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J Adv Nurs. 2010 Aug;66(8):1819-31. doi: 10.1111/j.1365-2648.2010.05336.x. Epub 2010 Jun 16.

Nursing work environment and nurse caring: relationship among motivational factors.

Author information

  • 1University of California Medical Center, San Diego, CA, USA. pburtson@cox.net

Abstract

AIM:

This paper is a report of a study of the relationships among compassion satisfaction, nurse job satisfaction, stress, burnout and compassion fatigue to nurse caring.

BACKGROUND:

Nurse caring is the most influential dimension of patient advocation and is predictive of patient satisfaction. Qualitative studies have indicated that nurse caring is a key motivational factor impacting recruitment and retention.

METHODS:

A correlational study of nurses (N = 126) was conducted in 2008 at a single, academic medical center. The six variables of interest were operationalized using four valid and reliable research instruments: (1) the Mueller McCloskey Satisfaction Scale, (2) the Professional Quality of Life Scale, (3) the Stress in General Scale and (4) the Caring Behaviors Inventory.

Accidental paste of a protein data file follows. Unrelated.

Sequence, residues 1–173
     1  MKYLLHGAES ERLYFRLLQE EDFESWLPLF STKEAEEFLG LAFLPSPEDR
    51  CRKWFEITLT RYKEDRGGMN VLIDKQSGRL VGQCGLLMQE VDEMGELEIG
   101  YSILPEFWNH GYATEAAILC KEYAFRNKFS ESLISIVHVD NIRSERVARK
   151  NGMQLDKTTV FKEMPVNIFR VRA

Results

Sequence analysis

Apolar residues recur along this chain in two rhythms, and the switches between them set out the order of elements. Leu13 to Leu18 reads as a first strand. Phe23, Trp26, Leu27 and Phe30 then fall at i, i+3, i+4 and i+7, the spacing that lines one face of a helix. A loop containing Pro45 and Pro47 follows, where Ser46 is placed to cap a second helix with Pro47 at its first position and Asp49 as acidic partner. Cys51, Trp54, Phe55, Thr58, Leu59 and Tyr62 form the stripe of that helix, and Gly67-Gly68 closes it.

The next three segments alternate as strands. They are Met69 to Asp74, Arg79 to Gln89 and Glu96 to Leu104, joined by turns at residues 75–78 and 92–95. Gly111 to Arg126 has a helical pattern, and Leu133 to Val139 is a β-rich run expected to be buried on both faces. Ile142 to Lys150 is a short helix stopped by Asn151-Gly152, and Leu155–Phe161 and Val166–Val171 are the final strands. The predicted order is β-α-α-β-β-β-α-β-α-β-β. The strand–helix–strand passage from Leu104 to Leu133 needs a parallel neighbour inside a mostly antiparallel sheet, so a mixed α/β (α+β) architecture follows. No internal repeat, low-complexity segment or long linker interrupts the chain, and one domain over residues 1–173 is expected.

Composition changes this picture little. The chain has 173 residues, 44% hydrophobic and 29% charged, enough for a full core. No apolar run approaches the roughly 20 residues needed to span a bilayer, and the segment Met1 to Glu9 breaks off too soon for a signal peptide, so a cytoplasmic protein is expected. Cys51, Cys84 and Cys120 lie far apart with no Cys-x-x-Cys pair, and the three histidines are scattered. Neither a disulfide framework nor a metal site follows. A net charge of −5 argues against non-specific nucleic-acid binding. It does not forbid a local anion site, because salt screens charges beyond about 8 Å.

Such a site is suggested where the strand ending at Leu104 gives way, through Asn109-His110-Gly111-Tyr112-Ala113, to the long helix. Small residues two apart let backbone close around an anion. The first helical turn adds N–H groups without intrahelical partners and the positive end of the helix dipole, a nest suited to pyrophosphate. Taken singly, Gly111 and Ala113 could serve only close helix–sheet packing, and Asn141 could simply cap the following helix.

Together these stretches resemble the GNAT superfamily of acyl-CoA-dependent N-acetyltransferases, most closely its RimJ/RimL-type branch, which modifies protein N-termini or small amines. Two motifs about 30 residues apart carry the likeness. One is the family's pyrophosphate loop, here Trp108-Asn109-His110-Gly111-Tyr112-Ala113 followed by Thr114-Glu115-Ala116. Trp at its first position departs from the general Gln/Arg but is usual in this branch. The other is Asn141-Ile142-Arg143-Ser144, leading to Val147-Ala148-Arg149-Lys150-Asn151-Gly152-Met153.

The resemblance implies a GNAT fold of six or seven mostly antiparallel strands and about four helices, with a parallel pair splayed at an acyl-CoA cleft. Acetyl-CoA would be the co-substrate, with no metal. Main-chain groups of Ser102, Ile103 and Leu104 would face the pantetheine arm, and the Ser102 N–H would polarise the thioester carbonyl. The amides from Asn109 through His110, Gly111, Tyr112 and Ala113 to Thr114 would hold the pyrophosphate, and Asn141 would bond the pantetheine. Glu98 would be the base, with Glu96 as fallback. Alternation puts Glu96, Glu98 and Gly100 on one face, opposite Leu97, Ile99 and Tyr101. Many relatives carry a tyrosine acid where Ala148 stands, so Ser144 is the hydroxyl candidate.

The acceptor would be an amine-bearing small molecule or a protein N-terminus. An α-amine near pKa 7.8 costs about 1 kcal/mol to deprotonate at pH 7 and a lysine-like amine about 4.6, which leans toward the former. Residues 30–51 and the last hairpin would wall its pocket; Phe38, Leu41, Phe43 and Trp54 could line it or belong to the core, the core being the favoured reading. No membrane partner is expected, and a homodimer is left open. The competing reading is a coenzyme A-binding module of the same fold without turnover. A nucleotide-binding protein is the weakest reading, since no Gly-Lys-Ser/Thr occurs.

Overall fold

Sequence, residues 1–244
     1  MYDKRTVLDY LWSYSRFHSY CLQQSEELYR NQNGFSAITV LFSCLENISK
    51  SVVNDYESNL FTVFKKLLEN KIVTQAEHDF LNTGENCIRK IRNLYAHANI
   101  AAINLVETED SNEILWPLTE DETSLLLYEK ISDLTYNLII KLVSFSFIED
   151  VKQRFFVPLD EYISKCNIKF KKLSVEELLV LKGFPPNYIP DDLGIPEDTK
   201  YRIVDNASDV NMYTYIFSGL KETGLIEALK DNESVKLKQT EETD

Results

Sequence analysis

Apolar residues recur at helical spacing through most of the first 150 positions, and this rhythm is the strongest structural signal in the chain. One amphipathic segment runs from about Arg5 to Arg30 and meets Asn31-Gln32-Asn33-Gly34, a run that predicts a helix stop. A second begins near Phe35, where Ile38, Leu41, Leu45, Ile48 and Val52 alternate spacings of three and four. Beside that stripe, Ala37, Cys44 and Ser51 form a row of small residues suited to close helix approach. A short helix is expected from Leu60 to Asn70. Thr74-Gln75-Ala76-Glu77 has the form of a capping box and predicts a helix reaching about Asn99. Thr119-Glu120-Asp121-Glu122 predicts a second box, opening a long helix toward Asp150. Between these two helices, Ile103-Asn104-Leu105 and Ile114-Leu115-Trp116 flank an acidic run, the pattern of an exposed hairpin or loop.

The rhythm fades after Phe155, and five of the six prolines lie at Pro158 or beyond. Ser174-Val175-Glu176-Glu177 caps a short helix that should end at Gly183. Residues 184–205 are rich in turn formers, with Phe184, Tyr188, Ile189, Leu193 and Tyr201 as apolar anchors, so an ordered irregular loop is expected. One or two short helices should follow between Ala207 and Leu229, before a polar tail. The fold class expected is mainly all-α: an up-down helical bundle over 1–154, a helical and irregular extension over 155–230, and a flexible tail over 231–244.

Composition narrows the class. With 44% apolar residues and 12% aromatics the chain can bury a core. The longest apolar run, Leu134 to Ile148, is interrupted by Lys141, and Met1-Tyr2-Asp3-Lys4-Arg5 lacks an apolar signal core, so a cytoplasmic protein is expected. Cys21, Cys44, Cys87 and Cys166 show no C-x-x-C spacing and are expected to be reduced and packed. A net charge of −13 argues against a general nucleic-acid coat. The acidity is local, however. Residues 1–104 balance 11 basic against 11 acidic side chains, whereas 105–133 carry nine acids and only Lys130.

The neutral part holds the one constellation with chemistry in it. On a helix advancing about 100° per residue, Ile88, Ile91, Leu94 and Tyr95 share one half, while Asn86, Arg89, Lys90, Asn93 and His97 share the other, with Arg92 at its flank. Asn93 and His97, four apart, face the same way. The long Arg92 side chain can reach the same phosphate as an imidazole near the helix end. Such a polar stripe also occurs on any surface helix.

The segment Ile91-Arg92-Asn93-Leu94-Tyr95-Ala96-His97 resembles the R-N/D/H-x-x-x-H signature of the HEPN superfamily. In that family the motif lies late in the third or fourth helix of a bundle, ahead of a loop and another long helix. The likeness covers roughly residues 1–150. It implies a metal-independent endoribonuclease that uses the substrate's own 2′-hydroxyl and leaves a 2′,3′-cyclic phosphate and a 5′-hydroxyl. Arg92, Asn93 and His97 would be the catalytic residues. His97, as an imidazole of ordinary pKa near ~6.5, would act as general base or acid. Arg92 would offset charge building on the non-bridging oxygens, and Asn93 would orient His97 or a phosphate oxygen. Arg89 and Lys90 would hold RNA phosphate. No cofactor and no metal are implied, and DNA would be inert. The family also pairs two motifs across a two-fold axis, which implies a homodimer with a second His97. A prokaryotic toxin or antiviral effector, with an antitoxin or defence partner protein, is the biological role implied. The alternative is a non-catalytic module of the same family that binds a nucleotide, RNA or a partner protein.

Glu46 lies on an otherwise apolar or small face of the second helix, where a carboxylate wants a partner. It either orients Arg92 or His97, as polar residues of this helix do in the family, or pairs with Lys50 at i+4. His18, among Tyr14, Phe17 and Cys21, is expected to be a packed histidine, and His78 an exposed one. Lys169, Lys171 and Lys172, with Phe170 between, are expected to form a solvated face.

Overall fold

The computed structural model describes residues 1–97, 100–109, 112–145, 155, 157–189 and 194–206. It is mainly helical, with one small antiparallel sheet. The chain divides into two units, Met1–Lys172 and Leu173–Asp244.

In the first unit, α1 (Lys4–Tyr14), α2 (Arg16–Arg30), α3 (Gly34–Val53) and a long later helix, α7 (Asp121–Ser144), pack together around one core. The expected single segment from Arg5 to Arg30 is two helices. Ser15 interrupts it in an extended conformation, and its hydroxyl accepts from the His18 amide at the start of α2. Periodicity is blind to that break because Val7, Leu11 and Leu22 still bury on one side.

RESULTS:

Pearson Product-moment correlations showed statistically significant relationships between nurse caring and compassion satisfaction (r = 0.51, P < 0.001), nurse job satisfaction subscales (r = 0.16-0.28, P < 0.05), stress (r = -0.21, P < 0.05), and burnout (r = -0.22, P < 0.01). A statistically significant relationship was found between the nurse caring subscale of knowledge and skill and compassion fatigue (r = -0.22, P < 0.01). Hierarchical multiple regression analysis demonstrated that compassion satisfaction (R(2) = 0.287, beta = 0.536, P = 0.000) and nurse satisfaction with social interaction opportunities related to work (beta = 0.223, P = 0.032) explained variability in nurse caring.

CONCLUSION:

Fostering compassion satisfaction and social interaction opportunities among nurses may improve nurse caring, potentially sustaining long-term improvements in patient.

PMID:
20557389
[PubMed - indexed for MEDLINE]
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